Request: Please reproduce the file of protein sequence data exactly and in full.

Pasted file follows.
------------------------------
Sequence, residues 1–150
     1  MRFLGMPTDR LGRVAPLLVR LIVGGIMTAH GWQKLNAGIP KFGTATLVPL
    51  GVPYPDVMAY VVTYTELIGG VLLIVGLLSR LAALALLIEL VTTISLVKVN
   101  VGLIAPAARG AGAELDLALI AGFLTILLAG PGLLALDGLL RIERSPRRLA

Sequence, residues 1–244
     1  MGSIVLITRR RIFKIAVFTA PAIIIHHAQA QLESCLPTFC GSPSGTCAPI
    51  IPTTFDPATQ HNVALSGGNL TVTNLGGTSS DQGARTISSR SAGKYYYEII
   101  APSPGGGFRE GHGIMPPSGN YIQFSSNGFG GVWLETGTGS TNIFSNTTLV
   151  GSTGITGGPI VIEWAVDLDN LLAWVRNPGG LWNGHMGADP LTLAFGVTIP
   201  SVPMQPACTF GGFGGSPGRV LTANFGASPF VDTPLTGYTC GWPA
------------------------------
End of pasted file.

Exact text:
Sequence, residues 1–150
     1  MRFLGMPTDR LGRVAPLLVR LIVGGIMTAH GWQKLNAGIP KFGTATLVPL
    51  GVPYPDVMAY VVTYTELIGG VLLIVGLLSR LAALALLIEL VTTISLVKVN
   101  VGLIAPAARG AGAELDLALI AGFLTILLAG PGLLALDGLL RIERSPRRLA

Sequence, residues 1–244
     1  MGSIVLITRR RIFKIAVFTA PAIIIHHAQA QLESCLPTFC GSPSGTCAPI
    51  IPTTFDPATQ HNVALSGGNL TVTNLGGTSS DQGARTISSR SAGKYYYEII
   101  APSPGGGFRE GHGIMPPSGN YIQFSSNGFG GVWLETGTGS TNIFSNTTLV
   151  GSTGITGGPI VIEWAVDLDN LLAWVRNPGG LWNGHMGADP LTLAFGVTIP
   201  SVPMQPACTF GGFGGSPGRV LTANFGASPF VDTPLTGYTC GWPA